Speech to NSW Parliament by Mr Bart Bassett

I inform the House about the Western Sydney Suicide Prevention and Support Network. Members often speak in this place about programs or causes in their electorates that are usually of a positive nature. Unfortunately, tonight I will speak of a group that was founded out of deep sadness and grief at the loss of loved ones. Last Wednesday evening I attended a special occasion, which was hosted by the Western Sydney Suicide Prevention and Support Network, to launch a suicide prevention kit. The event was held at the Hawkesbury Race Club. Suicide claims 2,000 lives in Australia every year, and about 65,000 Australians will attempt suicide. The Western Sydney Suicide Prevention and Support Network was established in 2009 to help the bereaved share their feelings of pain and anguish, and to discuss suicide prevention strategies.

About 70 people from all walks of life attended the launch, including Louise Markus, Federal member for Macquarie; Tiffany Tree, Deputy Mayor of Hawkesbury City Council; and Jim Aiken, OAM, a former mayor of Penrith City Council. Representatives from the NSW Police Force included Inspector Harry Goddings, Penrith Local Area Command; Sergeant Melissa Clarke, Hawkesbury Local Area Command; and Inspector Peter Jenkins. Tony Cassidy, Manager of Wesley LifeForce, and David Cook, District Governor of Rotary District 9690, were also in attendance. I also met many parents who had lost adult children to suicide. One mother, whose son had committed suicide recently, had driven from Gulgong to attend the launch. She spoke from the heart about how important it was to remember her son and his legacy, and how his life and time on earth had had meaning. It was a very powerful and moving speech.

People from all walks of life are affected by suicide; it does not discriminate amongst socio-economic groups. Peter Webb, Chair of the Western Sydney Suicide Prevention and Support Network, comes from the Kurrajong North Richmond Rotary Club. Peter has not lost a loved one to suicide directly. He was asked to take on the role because of his involvement in mental health forums and information sessions in the community for many years through Rotary. Dr Gregory de Moore, a psychologist based at Westmead and Blacktown hospitals, was the guest speaker. He spoke about the life of Tom Wills who had died at the very young age of 44. Tom committed suicide on 2 May 1880. Unfortunately, Tom has been forgotten. He was a character who lived life to the full and his legacy lives on today. Tom Wills was one of the pioneers of Australian football. He was instrumental in introducing rugby union to this country and in drafting the code for Aussie Rules. One day following Tom’s suicide the press went to interview his mother; she denied having a son.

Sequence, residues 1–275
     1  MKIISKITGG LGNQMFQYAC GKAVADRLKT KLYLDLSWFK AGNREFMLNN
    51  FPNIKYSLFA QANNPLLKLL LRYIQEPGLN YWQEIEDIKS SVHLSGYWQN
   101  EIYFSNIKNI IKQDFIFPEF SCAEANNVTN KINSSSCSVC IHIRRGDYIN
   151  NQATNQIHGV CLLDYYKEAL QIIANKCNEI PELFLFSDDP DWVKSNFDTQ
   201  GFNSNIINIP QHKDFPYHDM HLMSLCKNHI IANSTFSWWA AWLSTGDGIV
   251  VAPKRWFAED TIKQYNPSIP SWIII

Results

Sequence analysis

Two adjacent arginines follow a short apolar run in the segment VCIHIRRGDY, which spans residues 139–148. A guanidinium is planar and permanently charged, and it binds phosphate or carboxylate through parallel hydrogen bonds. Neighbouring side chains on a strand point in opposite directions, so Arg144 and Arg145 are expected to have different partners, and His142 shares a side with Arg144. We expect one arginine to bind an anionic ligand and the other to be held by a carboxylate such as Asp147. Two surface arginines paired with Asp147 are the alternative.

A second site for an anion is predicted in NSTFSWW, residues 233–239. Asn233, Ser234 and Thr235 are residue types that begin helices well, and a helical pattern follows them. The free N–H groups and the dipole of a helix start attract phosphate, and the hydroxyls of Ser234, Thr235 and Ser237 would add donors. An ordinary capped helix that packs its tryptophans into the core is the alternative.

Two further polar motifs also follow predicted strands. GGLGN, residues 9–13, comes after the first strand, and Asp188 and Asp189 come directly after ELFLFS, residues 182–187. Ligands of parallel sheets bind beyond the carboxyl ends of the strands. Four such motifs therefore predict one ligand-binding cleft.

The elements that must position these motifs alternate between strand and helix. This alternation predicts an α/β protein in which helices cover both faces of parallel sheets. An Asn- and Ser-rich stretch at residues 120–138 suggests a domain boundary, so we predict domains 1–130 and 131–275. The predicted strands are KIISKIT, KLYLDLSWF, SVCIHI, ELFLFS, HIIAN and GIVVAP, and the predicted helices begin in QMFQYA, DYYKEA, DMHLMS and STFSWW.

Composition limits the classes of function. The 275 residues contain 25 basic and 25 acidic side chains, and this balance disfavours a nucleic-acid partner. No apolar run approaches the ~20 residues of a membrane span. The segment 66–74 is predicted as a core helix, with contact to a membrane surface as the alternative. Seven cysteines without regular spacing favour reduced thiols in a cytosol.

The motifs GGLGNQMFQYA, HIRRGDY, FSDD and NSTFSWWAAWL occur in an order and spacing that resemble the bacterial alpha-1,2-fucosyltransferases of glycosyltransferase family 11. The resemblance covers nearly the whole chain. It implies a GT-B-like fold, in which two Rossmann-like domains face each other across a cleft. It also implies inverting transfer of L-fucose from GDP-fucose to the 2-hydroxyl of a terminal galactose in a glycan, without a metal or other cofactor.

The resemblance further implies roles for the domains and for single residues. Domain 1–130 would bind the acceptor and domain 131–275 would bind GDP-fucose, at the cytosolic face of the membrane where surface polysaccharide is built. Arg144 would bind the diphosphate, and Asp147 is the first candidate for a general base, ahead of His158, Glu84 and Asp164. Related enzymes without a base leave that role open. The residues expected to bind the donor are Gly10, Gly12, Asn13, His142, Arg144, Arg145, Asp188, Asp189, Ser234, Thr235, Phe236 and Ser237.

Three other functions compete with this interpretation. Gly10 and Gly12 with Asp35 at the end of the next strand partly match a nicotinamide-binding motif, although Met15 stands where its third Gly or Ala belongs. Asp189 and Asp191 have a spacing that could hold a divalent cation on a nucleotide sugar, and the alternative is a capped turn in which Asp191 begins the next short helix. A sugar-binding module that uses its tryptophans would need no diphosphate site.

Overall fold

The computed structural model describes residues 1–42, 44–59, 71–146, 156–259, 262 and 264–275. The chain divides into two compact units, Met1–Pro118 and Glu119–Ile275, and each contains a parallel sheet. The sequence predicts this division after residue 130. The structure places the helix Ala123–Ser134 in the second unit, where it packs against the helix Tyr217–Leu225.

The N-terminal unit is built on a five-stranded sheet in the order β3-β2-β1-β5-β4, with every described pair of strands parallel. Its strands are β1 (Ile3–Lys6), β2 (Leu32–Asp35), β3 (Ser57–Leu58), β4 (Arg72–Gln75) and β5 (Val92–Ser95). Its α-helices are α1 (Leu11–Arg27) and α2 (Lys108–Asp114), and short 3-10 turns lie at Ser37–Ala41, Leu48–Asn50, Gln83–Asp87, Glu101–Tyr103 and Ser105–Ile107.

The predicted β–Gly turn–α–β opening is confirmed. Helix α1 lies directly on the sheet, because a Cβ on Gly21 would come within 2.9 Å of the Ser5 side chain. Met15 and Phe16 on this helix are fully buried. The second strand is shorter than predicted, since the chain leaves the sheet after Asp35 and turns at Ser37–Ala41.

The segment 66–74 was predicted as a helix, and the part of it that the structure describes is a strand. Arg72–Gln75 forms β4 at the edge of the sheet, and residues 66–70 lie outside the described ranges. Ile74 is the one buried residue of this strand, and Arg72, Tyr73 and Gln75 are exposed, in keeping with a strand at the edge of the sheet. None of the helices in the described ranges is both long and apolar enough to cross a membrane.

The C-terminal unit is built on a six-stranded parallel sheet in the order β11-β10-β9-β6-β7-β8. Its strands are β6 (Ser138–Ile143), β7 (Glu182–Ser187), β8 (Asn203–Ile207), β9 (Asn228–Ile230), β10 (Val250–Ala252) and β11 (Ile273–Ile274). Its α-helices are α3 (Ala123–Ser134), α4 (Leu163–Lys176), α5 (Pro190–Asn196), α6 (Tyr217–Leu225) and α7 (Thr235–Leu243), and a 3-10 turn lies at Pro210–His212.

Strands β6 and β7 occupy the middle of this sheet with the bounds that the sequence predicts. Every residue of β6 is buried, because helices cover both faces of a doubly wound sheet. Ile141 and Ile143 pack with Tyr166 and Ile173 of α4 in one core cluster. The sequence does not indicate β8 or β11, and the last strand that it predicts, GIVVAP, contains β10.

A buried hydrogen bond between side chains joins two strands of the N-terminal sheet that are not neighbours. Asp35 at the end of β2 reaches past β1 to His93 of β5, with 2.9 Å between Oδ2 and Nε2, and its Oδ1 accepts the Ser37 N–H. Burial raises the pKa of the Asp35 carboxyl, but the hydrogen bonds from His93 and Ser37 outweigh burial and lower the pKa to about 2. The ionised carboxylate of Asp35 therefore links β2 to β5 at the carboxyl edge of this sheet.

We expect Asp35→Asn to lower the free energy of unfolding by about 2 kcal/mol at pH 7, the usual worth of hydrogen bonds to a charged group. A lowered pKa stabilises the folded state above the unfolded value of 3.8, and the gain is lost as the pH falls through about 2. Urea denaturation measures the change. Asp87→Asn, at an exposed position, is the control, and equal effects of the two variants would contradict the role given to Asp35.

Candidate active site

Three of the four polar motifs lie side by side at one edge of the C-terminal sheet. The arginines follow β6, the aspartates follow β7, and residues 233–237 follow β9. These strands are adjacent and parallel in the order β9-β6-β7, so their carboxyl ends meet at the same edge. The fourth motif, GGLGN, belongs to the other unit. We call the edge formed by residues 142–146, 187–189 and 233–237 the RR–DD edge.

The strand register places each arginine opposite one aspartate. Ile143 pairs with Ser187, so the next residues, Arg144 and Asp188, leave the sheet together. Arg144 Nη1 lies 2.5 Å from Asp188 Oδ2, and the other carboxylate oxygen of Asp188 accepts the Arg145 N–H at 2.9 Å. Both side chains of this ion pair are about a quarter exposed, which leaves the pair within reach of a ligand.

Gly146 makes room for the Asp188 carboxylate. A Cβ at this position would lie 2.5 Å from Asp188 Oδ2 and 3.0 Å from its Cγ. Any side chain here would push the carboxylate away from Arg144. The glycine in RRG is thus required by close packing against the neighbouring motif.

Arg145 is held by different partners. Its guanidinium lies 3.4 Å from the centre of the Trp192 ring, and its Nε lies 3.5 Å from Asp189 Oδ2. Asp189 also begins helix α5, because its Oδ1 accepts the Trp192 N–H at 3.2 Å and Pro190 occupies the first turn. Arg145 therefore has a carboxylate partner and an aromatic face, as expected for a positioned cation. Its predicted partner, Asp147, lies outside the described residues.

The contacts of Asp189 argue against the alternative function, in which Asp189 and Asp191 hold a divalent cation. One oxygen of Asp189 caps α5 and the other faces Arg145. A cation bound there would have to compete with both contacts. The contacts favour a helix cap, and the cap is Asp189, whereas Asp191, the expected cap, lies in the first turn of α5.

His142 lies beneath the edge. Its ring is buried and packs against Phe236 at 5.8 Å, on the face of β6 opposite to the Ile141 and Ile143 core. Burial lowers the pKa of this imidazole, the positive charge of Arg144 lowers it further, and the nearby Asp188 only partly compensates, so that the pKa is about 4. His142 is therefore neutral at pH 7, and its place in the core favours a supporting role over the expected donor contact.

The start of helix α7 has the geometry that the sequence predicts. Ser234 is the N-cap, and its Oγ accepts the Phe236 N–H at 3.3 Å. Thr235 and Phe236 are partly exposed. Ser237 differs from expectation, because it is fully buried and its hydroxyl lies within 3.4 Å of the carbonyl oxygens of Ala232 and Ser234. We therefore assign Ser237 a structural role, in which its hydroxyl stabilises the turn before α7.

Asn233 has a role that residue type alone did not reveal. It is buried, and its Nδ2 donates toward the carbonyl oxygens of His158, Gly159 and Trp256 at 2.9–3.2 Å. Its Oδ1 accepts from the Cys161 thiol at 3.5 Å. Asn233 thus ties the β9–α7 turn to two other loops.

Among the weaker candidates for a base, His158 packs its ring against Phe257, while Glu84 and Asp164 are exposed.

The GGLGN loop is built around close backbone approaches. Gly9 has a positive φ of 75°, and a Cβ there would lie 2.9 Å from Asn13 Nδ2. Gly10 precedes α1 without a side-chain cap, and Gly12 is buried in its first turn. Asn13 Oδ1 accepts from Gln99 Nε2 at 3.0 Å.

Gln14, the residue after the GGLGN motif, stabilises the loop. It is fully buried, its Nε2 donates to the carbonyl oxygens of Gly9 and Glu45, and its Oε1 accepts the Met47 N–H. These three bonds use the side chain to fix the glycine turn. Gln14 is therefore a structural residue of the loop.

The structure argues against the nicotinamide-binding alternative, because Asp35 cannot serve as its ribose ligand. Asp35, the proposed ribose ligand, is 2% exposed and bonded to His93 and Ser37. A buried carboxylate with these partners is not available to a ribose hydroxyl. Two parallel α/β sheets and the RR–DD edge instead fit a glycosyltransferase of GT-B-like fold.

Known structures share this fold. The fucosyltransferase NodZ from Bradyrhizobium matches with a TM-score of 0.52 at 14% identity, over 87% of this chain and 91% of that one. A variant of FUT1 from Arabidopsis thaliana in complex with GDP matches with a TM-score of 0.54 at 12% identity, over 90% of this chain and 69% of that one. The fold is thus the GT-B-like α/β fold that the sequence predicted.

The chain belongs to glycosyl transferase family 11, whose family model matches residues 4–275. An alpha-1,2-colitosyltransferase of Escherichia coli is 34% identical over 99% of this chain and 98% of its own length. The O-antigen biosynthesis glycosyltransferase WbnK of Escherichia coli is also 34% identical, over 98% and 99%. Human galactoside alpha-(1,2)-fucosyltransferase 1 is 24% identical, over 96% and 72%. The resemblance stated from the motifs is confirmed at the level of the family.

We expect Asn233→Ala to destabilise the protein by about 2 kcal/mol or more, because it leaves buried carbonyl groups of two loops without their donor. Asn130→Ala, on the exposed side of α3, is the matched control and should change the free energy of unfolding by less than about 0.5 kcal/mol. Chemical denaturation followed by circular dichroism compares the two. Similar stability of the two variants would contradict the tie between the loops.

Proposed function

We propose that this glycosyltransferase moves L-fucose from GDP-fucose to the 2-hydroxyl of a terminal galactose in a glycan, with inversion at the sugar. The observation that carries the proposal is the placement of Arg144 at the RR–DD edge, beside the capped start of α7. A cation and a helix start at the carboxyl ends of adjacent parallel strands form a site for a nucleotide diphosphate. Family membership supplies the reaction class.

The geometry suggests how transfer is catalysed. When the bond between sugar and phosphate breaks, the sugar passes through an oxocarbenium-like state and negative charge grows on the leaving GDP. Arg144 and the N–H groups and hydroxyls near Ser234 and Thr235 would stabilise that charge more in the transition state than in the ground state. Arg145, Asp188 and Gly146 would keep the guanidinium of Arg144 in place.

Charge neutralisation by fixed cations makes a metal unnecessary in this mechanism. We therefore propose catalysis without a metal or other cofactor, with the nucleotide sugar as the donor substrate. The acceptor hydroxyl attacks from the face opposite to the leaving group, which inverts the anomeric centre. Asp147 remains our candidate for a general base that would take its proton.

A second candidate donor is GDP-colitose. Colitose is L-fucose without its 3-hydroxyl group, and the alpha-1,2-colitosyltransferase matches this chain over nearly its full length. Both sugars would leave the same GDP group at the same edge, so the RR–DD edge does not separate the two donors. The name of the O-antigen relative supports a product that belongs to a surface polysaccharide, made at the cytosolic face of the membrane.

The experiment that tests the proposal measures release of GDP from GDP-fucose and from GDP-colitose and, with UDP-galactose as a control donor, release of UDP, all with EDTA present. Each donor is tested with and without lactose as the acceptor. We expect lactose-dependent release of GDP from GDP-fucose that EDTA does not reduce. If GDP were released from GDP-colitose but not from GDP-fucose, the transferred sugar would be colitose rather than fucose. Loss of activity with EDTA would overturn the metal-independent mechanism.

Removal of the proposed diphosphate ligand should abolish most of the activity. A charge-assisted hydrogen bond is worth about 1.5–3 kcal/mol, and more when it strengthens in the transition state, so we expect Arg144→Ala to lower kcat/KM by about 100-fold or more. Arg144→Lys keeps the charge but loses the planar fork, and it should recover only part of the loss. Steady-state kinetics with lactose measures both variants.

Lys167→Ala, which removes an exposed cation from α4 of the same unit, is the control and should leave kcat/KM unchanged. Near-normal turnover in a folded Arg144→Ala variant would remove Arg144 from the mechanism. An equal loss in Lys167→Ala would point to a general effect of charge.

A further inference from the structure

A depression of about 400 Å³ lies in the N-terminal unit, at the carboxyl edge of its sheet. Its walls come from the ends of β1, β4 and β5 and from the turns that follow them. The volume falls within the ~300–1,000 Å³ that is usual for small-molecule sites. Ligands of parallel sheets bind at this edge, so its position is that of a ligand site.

Behind every statistic there is a human being who lived, breathed, loved and was loved. Suicide is a tragedy of unmeasured pain and grief for families, friends and loved ones. The Western Sydney Suicide Prevention and Support Network was the initiative of Genean Beetson of Simplicity Funerals in the Hawkesbury. She had noticed an increase in the number of suicide-related deaths coming into the funeral home. She wanted to do something to support those loved ones who struggle to deal with the grief; she also wanted to break down the stigma attached to and increase awareness of suicide. That wonderful groups such as the Western Sydney Suicide Support and Prevention Networks exist is unfortunate, but they provide a vital community service. The Cancer Council Relay for Life is yet another great cause that does so much to assist in fundraising and raising awareness of cancer, a horrible disease that affects too many in our community.

Our aim should be to see the day when groups such as these no longer exist, where we can live in a world without cancer and without suicide. I was honoured to be asked by the patron of the Western Sydney Suicide Prevention and Support Network along with Councillor Jim Aiken, OAM, to attend. I thank all who give of their time and talents to support causes such as the Western Sydney Suicide Prevention and Support Network. I will do whatever I can to help save lives and prevent people from committing suicide. Donations to this organisation will help to provide more suicide prevention packs for distribution to western Sydney local area commands and extending to the Blue Mountains. I congratulate the Western Sydney Suicide Prevention and Support Network on its great work in supporting those affected by suicide and in ensuring that the stigma of suicide is minimised. It is important for people to feel comfortable when talking about suicide and, hopefully, others will be less likely to consider committing suicide in the future.